A Roman Column
An Over Praised
Robert Frost put it well:
“The sun was warm but the wind was chill,
You know how it is with an April day.
When the sun is out and the wind is still,
You're one month on in the middle of May.
But if you so much as dare to speak,
A cloud comes over the sunlit arch,
A wind comes off a frozen peak,
And you're two months back in the middle of March.”
Such are the caprices of the start of the elusive spring season in the western world, veering between winter and summer. Here in Rome, some mornings I forget whether I am in March, or in the middle of May, or two months back in the middle of a cold spell in January. This year, an early spring in February April-fooled us, complete with the mimosa trees waving their mustard-yellow flags from every branch in the neighbourhood. Then we were back in winter and now suddenly, all around me the pre-emptive blossoming of the cherry and plum trees is trying to push my desk calendar forward to April.
But, regardless of the month my desk calendar is displaying today, in my front garden, the popcorn sprinkle of plum-flowers on the leafless stumps of my favourite tree declares that spring is definitely here.
Still, spring or no spring, for me March is a special month because it starts with my elder son's birthday. I call him at work to wish him, and I realisse that birthdays and spring notwithstanding, his youth is distracted with the pressures of the workaday world.
I realise anew that youth and spring-- that conventional and facile association of ideas, may not be always be either felicitous or true: spring is not always a carefree and happy time. Poets wax eloquent about spring as the harbinger of life and regeneration, which is irrefutable, but when equating it with youth, I wish they would write more about it as the capricious, elusive, difficult, even a hazardous season it can be. At least, April as the official start of the season was wisely referred to by T.S.Eliot as ' the cruellest month.'
I once read a collection of short stories for young adults with an appropriate title that referred to both spring and adolescence and thus the book as 'An Over Praised Season.' Each story reflected on adolescence, teen-age and early youth as that season of life, which, like spring, is more often idealised by the romantically inclined and not seen as a time of awkwardness and adjustments; acne and puppy fat; self-doubts and growing pains; first love and heartbreaks; dreams and disillusions; in other words, a tough transition point into adulthood.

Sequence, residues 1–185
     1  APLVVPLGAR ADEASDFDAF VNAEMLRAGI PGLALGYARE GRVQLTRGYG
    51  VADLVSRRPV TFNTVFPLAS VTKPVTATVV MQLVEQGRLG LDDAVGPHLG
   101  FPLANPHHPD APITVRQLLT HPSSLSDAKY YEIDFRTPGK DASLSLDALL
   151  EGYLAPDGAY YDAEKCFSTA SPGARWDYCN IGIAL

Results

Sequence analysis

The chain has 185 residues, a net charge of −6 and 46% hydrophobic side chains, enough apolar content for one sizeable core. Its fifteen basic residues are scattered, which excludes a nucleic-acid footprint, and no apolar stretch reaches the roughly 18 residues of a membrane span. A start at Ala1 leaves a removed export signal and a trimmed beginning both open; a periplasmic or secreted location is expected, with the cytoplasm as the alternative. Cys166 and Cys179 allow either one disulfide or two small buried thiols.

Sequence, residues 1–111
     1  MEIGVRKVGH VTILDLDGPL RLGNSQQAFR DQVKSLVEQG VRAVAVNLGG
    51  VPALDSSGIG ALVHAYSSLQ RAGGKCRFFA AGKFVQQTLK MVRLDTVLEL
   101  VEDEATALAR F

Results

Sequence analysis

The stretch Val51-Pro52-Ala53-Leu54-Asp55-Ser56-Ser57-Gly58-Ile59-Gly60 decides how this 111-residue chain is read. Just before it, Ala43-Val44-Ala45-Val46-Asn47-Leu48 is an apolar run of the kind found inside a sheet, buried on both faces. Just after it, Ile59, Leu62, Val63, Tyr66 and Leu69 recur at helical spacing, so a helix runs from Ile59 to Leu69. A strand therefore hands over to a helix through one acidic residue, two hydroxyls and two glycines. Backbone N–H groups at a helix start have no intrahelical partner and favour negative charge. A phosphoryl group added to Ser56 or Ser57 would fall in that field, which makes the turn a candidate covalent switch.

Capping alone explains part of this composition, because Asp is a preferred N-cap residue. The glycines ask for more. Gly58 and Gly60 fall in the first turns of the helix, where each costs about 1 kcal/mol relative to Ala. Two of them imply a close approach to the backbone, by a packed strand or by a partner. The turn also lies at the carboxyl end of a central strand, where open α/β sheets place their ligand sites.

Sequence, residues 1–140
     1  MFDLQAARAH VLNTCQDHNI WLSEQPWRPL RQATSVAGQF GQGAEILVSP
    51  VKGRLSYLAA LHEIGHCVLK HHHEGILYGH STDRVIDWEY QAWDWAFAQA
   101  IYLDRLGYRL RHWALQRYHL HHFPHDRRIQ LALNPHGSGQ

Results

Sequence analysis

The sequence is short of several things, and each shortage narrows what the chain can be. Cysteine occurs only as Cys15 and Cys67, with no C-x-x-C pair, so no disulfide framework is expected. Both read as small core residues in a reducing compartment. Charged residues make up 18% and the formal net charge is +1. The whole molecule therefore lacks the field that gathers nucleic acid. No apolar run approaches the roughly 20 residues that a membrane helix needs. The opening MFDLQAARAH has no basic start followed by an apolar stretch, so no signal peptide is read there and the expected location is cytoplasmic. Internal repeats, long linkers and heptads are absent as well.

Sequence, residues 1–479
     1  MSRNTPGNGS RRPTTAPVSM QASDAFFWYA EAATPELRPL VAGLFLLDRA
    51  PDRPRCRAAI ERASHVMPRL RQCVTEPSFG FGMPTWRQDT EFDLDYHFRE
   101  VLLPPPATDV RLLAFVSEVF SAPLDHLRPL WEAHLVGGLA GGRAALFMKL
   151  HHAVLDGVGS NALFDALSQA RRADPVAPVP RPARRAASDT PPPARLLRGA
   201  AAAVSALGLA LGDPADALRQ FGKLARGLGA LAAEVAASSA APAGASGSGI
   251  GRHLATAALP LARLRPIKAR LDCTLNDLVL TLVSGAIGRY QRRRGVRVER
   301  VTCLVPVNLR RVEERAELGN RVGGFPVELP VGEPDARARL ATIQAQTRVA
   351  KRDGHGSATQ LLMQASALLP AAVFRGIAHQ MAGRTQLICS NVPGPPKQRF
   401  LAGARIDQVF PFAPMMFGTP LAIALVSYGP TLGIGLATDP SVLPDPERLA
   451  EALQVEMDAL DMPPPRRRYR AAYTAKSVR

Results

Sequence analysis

I asked around and found that many adults looking back on their teens and twenties agreed that they were quite relieved when spring passed out of their life. Most well-adjusted and confident middle-aged people felt that they had wrested their subsequent poise and sense of self through the rites of passage of the turbulent, youthful years, but would not like to revisit that period.
Certainly, as in nature so in life, spring is neither easy nor to be trusted. It is full of false starts and health hazards. It is capable of seducing, disarming and then attacking. Just when you have trusted it enough to throw off your overcoat, the temperature dips, the razor edge wind slices at you and lays you low. Sniffs and colds, sore throats and coughs, fever and flu, and allergy attacks to pollen and new grass, all occur now. In Italy, a rule of thumb is that no one plants their garden until the season has settled into early May, and neither do they put away their heavy sweaters and stockings till then.
Spring is a picture window from which to contemplate the promise of beauty and life. It is a time to dream and hope and prepare and wait while being wary and wise. Naturally the young will not follow this advice. For them spring is both a season and a verb for a stage in life that beckons them to stand on the spring-board and take the plunge into the awakening world, whatever be the consequence, whatever the mistakes, whatever the eventual lessons.
Let the young keep their romantic assignation with flighty young spring; just give me a mature and stable season, a robust summer's day, any time. To continue with seasons as metaphors for stages of life, I am happiest to be in the summer of my flowering. I am comfortable with who I am and like myself better now. This is my preferred season of life, in which my body, mind and spirit are in harmony. I hope in terms of creativity and personal growth, it will be a long and fecund summer. When autumn knocks on my body's door, I hope at least my mind and spirit will ignore this transitional season for as long as they can and go directly into the winter of life still warm from summer.
Today, even as I smell the crisp new air, hear the chirping birds among the blooming trees, and fall again under the spell of spring, I am still wary. It is too evanescent, too restless and unreliable a time to be my internal season. Oliver Wendel Holmes said: “For him in vain the envious seasons roll/ who bears eternal summer in his soul.” Today, on my son's birthday, I wish him and all young people a wonderful transition in this beautiful season, but pray that sooner or later, they all find the eternal summer of their evolving soul.
(R) thedailystar.net 2008